Captains from academia, industry and the trading community say, a balance of payment support programme from the International Monetary Fund (IMF) will repose confidence and bring stability in the Ghanaian economy.
They said the country critically needed such confidence and stability to enable it access the international financial market, which had been closed to the Government for loans since January this year, after a downgrade by major global rating firms.
They said this during a media engagement as the Government begins discussions with the Bretton Woods institution for a concessional financing programme to restore policy credibility and achieve fiscal and debt sustainability.
The experts, however, called on the Government and Parliament to urgently pass the Tax Exemptions Bill, which was introduced in 2019 to save the country from losing about GHS5 billion annually to foreign entities, and be financially prudent.
Additionally, they asked the Government to implement programmes that would enhance the country’s productive sectors and strengthen programmes like the One District-One Factory (1D1F) and Planting for Food and Jobs (PFJ).
Professor Godfred Alufar Bokpin, an Economist, said: “Already, with the announcement of the engagement with the IMF, we’ve started seeing some development in our market and the Eurobond market.”
He added that though the macroeconomic stability that the IMF would bring into the country was “not an end in itself,” it would help businesses, which currently needed it amid the economic challenges.
The Professor of Finance at the University of Ghana Business School (UGBS) noted that: “The exemptions bill went to parliament, Government wasn’t really committed to passing that bill even though they submitted it to parliament to fulfill righteousness under the IMF programme and up to now, it’s not been passed.”
Mr Seth Twum Akwaboah, the Chief Executive Officer (CEO), Association of Ghana Industries (AGI), also said that an IMF programme would bring stability, which businesses needed to plan effectively.
“We wish we wouldn’t have got to the point where we needed an IMF intervention to stabilise our economy. However, under the circumstances, we don’t have a choice, but stability is critical for businesses. Therefore, we support the idea of going to the IMF for interventions to have some stability,” he said.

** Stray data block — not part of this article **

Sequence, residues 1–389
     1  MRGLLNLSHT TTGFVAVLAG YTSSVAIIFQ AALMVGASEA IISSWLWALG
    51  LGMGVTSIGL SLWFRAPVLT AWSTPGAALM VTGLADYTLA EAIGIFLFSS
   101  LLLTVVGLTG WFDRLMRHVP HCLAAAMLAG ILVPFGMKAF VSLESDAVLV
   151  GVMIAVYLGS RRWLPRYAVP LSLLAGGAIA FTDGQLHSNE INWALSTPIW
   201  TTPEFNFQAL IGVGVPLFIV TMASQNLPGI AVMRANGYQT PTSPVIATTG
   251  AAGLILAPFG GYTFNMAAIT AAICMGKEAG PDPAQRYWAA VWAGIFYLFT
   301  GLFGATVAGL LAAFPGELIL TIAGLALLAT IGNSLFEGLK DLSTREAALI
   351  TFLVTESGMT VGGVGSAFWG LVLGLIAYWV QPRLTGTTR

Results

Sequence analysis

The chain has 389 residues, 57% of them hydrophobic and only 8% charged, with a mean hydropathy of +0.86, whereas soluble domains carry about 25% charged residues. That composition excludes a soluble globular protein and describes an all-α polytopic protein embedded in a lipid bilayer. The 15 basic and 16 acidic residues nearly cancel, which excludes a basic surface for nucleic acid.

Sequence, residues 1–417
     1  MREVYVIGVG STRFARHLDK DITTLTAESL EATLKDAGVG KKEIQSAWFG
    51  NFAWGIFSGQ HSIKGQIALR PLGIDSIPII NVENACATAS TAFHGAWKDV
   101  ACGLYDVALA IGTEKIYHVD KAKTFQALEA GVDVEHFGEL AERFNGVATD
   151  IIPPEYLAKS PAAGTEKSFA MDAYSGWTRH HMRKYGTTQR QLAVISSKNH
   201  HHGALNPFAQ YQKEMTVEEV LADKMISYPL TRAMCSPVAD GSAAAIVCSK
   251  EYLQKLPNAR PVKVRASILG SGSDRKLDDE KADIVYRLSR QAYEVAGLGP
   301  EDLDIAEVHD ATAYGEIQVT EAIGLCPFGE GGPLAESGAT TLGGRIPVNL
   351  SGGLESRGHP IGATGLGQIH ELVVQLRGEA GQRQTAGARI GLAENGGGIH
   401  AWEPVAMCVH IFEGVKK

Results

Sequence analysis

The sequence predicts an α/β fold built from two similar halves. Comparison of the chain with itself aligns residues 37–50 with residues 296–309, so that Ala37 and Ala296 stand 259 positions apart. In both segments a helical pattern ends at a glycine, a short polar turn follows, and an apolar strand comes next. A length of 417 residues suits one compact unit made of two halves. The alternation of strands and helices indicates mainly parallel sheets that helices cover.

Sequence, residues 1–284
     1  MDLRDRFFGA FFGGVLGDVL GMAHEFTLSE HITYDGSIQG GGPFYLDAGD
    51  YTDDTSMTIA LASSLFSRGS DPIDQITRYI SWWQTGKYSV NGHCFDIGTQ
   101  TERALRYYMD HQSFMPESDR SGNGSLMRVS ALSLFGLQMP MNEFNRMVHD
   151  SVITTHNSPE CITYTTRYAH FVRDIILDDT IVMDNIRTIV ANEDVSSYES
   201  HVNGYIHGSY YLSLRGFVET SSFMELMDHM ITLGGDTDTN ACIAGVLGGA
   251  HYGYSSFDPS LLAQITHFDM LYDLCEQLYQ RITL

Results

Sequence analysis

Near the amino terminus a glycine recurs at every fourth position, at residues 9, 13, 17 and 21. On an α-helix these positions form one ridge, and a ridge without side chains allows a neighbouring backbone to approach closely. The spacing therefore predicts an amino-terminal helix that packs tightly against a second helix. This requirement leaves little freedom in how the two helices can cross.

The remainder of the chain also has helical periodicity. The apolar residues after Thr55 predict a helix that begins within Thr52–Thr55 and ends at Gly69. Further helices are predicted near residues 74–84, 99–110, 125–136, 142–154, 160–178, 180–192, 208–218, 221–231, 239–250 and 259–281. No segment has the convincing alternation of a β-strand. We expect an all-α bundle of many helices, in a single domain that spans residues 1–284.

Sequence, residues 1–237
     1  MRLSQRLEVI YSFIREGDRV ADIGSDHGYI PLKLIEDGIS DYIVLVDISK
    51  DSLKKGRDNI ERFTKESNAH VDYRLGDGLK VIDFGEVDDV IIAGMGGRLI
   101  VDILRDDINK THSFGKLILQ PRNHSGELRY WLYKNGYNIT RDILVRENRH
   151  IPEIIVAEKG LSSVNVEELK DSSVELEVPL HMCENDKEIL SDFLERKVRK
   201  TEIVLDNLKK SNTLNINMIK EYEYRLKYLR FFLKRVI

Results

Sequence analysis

He, however, said that there was the need to look at measures that would transform the economy in the long term beyond interventions by the IMF that would lead to economic stability.
Mr Akwaboah said: “Let’s have stability, but our ideas and plans for transforming the economy shouldn’t be lost. We should continue that agenda and do everything possible to help transform the economy. If we change the structure [of our economy], eventually, we may not need IMF intervention.”
“But that requires a lot from us; discipline is important. Pushing resources into sectors that are most productive and generating the kind of employment we need and broadening the tax net. If we do these things right, then we can be in a good step for the future where we wouldn’t need an IMF intervention to stabilise our economy,” he said.
Dr Joseph Obeng, the President of the Ghana Union of Traders Association (GUTA), said, going to the IMF would help the country gain confidence in investors and the capital market.
The Trade Unionist, however, called on the Government to create an enabling environment that would support sustainable growth in agricultural productivity and manufacturing.
He also said that: “We need to revise the way we’re managing our economy by way of our investment policies so that we can retain some of the monies that expatriates send out of the country.”
“Our expenditure patterns have been the bane, so we have to prune down on our expenditure by reducing the size of Government, and not burden the businessperson with taxes.” Dr Obeng added.
According to the Government, Ghana’s recent move to the IMF had been necessitated by the economic challenges imposed on the country by the adverse effects of the COVID-19 pandemic and the Russia-Ukraine war.
This had resulted in high and rising inflation, tightening financing conditions from less accommodative monetary policy stance, exchange rate depreciation, an elevated debt burden with high debt service, and a widening Eurobond spread.
The Government has expressed confidence that engaging the IMF to support its Enhanced Domestic Economic programme with the suitable amount of financing would help Ghana “weather the storm and protect its citizens.”